The Cowboys can clinch a playoff berth Sunday. A victory over the Vikings on Thursday combined with a loss by the Redskins or the Bucs (or a tie by the Bucs) will assure the postseason for Dallas.
“It would be great, but I think the goals for this team are bigger than that,” Cowboys guard Zack Martin said. “We’ve got five weeks left, and we know that this season really starts after Thanksgiving here, so we’re ready to make a push here and finish strong.”
The Bucs play at San Diego. The Redskins play at Arizona.
In 2014, the Cowboys clinched the NFC East and a playoff spot in a Week 16 victory over the Colts. The Cowboys lost three consecutive Week 17, winner-take-all, NFC East championship games from 2011-13.
The Cowboys sport a 10-1 record this season, holding a two-game lead over the Giants in the division. The Giants (8-3) are the only NFC team within two games of the Cowboys, and the only team to beat the Cowboys.
“The first goal is winning the division,” cornerback Brandon Carr said. “And we still have the division to take care of. A lot of football left. That’s great if we can clinch the playoffs this week, but win, lose or draw, we keep our heads down and keep grinding. This is the third quarter of the season. We want to finish out and get to the fourth quarter. That’s still down the road, still trying to get better every single day.”
Linebacker Sean Lee didn’t practice Tuesday because of an illness. It is not considered serious and he is expected to be in the lineup when the Cowboys take the field Thursday against the Minnesota Vikings.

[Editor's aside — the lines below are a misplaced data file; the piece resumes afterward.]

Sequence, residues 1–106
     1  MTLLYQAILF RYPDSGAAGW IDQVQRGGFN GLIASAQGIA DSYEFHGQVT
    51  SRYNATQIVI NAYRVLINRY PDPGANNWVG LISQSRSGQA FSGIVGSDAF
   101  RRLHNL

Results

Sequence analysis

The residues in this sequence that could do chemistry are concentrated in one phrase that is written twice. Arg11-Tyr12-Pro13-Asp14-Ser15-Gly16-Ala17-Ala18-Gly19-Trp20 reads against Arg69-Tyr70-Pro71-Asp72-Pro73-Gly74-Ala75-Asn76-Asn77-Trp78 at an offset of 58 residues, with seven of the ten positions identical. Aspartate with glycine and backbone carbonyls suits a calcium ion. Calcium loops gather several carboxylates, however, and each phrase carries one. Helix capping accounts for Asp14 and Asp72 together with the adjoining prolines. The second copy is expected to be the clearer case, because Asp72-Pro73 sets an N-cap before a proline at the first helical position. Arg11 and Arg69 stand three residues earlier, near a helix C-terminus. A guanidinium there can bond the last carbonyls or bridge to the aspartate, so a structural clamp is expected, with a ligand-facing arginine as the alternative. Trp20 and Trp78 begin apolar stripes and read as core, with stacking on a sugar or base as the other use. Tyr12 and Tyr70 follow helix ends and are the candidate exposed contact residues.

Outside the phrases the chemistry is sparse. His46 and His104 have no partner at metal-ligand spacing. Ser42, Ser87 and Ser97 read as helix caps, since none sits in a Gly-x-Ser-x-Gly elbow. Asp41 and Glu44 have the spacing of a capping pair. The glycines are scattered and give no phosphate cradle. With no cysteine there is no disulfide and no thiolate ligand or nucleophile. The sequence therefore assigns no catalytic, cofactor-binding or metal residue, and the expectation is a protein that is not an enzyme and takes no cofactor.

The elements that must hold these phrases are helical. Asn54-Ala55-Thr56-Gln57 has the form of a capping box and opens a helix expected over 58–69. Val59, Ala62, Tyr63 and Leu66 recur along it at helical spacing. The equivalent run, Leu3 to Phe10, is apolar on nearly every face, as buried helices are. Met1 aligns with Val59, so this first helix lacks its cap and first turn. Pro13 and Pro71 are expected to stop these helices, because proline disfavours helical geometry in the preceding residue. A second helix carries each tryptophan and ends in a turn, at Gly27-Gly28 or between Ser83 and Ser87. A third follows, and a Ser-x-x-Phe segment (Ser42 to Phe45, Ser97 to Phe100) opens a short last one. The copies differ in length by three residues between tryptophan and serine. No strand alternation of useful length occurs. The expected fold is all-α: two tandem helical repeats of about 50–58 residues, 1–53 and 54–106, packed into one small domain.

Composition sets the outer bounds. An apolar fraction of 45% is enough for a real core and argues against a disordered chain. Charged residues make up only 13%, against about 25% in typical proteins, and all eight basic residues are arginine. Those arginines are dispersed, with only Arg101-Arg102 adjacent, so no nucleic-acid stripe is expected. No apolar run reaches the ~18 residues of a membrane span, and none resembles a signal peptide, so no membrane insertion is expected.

Lee is leading the Cowboys with 124 tackles.
Linebacker Justin Durant didn’t practice for the second consecutive day with a strained hamstring. He is unlikely to play against the Vikings.
Safety J.J. Wilcox will also miss the Vikings’ game as expected with a deep thigh bruise.
Defensive end David Irving was back at practice after being limited earlier in the week with an illness.
The good news for the Cowboys is that safety Barry Church practiced for a third straight day after missing the past four games with a fractured forearm.
He wore a padded brace on his forearm but has no limitations.
Owner Jerry Jones doesn’t see a reason why the NFL should get rid of “Thursday Night Football.”
Even though the matchups have been less-than-intriguing and TV ratings are down this season, Jones feels that the prime-time matchup is worth having.
A report on NBC Sports’ Pro Football Talk website on Sunday said the league would explore the idea of ending, or at least limiting, the number of “Thursday Night Football” games in the future.
The league issued a statement refuting that notion on Monday, and Jones reiterated that during his 105.3 The Fan radio show on Tuesday.
“I think [Thursday Night Football] is here for good,” Jones said. “Why that it is prime time. It’s a great opportunity for the NFL to basically be a part of what we want to be. And that is we appreciate the interest that is in our game.
“I don’t anticipate anything happening to Thursday Night Football.”
Drew Davison contributed to this report.